They Look Cool In The New Disney Trailer . . . But Were Cinderella's Slippers Really Made Of Glass?

Don't trip. Credit: YouTube

Don't trip. Credit: YouTube

The great cartoonist overlords at Disney studios have dropped a gem on us lowly peons today: the full trailer for the upcoming live action Cinderella flick. Previously, all we got was a spinning shoe. Now that we can ogle at Cate Blanchett's evil smile, the whole thing seems real. 

Even though the full trailer provided viewers with a greater glimpse of the glory ahead, much attention is paid to those infamous glass slippers. Fairy Godmother assures Cinderella that they're actually comfortable (not buying it). Women's Wear Daily noted that the shoes in question were made of Swarovski crystals, and based on a pair (roughly) from the same era as the film's setting. 

I can't imagine that Swarovski crystals are anything approaching "comfortable"—but I digress. As you likely know, the type of shoe worn by Cinderella in the French version* has been heavily debated by scholars. The prevailing theory was simple: Cinderella wore shoes made of squirrel fur, but a mistranslation occurred (either orally, or in the written word) and, thus, "glass slippers" was born.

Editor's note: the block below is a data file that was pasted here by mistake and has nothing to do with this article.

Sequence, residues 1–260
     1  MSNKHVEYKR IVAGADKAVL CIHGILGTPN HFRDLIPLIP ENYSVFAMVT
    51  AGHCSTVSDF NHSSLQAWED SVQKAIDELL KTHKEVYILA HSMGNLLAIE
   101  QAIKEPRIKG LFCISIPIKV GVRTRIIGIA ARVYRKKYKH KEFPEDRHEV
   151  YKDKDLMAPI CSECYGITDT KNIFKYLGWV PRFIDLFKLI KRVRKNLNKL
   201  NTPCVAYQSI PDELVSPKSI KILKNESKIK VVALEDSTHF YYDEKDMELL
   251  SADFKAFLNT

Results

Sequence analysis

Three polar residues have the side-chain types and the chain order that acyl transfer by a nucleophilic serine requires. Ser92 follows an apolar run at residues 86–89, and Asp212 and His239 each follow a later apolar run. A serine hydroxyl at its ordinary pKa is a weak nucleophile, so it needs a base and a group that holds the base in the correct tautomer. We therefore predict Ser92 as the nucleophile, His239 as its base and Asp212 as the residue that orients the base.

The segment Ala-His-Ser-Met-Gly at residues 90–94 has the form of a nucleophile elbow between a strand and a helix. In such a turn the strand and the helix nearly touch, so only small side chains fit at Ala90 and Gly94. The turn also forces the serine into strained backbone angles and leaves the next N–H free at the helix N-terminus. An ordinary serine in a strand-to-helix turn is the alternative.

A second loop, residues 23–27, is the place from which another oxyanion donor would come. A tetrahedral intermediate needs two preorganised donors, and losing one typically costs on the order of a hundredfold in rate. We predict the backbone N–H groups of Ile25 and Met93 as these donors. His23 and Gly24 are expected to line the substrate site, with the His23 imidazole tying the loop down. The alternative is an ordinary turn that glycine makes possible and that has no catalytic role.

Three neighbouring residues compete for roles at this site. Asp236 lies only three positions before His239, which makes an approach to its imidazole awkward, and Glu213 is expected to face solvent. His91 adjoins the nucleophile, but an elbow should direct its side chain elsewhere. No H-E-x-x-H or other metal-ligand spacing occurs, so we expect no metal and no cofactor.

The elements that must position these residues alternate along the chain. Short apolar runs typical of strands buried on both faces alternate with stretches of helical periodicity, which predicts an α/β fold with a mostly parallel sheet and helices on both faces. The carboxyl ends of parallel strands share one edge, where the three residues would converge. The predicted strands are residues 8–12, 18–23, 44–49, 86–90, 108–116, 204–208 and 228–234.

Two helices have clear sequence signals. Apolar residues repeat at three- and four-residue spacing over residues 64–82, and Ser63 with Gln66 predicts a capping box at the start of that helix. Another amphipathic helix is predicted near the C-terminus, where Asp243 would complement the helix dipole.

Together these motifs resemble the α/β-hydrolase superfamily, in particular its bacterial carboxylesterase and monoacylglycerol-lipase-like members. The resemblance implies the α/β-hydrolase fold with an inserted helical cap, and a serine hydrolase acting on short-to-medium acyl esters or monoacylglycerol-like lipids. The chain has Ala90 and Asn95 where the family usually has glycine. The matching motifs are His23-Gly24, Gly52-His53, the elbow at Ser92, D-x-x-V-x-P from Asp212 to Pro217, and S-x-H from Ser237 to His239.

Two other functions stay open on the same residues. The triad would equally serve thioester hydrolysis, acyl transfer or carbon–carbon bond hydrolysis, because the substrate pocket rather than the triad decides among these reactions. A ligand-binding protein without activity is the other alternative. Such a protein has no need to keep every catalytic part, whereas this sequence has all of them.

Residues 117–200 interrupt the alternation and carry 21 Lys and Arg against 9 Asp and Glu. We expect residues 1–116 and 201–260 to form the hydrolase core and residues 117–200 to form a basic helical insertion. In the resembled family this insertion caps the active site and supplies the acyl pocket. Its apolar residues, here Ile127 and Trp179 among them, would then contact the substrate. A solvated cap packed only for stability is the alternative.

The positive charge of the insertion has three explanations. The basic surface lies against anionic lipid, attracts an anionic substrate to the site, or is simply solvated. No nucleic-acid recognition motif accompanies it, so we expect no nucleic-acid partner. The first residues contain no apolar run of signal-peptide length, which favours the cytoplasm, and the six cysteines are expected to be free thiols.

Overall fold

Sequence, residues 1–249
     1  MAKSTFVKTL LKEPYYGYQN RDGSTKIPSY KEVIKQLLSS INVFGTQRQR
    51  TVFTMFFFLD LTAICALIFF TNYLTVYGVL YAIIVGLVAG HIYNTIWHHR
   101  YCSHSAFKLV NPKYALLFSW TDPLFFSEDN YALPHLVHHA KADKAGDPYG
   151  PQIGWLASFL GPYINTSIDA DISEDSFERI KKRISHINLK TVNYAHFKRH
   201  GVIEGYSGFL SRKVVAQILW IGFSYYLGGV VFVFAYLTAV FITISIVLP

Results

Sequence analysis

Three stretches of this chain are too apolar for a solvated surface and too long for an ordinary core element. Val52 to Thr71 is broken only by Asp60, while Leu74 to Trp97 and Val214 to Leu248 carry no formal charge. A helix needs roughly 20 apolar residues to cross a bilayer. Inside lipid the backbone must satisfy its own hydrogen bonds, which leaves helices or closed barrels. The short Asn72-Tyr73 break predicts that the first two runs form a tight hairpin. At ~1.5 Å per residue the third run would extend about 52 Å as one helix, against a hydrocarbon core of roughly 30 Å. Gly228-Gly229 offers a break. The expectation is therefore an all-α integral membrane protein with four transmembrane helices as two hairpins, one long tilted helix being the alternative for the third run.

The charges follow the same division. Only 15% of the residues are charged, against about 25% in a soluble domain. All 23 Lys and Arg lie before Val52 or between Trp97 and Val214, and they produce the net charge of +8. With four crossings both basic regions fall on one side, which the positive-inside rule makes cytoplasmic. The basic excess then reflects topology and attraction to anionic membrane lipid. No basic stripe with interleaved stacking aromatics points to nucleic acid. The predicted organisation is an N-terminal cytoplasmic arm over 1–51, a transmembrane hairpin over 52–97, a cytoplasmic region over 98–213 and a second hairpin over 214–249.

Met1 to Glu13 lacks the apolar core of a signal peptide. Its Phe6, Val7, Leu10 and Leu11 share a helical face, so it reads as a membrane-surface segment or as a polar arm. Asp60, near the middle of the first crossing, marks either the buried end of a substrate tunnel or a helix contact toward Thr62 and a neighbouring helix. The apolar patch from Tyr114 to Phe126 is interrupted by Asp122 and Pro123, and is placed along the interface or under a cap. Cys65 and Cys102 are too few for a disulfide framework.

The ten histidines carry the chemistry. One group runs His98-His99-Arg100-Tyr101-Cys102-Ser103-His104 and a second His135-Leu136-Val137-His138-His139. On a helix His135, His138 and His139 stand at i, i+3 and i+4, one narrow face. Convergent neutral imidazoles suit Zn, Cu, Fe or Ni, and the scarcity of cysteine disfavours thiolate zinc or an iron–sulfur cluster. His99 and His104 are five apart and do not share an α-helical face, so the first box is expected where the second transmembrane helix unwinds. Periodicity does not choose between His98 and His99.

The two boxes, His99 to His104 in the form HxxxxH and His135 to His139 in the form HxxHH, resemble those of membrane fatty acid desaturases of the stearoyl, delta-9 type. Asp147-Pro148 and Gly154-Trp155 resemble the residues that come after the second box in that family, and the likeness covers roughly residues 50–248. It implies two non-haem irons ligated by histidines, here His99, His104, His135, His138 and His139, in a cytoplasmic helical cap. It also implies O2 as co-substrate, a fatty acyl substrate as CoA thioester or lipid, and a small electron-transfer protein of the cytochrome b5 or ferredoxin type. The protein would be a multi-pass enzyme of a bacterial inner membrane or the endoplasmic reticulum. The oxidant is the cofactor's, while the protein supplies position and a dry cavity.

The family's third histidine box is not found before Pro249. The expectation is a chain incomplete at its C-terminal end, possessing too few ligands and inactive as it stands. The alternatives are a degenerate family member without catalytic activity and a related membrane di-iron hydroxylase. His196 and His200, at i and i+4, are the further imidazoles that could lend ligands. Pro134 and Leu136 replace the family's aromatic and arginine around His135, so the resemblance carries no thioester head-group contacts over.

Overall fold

But the urban legend sniffer-outers over at Snopes aren't buying this. They argue that it's highly unlikely such a mistake would occur. Why? It comes down to two phrases: either "pantoufle de vair" (fur slipper) or "pantoufle de verre" (glass slipper). We (okay, maybe just I) may think that these words look almost interchangeable, but the same can't be said for a linguist. Snopes researched, and noted that the word "vair" was an outdated way to say "fur" when Cinderella was written. So let's think about it in today's terms. Could you picture a 13 year-old girl excitedly talking about her totes adorbs "frock" that she's wearing to Thanksgiving? Nope. Therefore, the glass slipper was probably a bizarre attempt to tell a tale. 

Or is it? A newer theory is emerging: amber slippers. The early Germanic words for "glass" and "amber" look similar—possibly to con people into buying one or the other. Perhaps they were amber to begin with, then translated into "glass." And amber-colored (not actual amber) shoes were popular. Apparently they disguise sweaty feet well—unlike, you know, glass shoes. 

Now, won't this curiosity make for a solid excuse to watch a Disney movie in theaters next spring? It's cool lady, you're just researching.

*Note: many cultures have similar stories, but the French tale is the most famous in Western society. 

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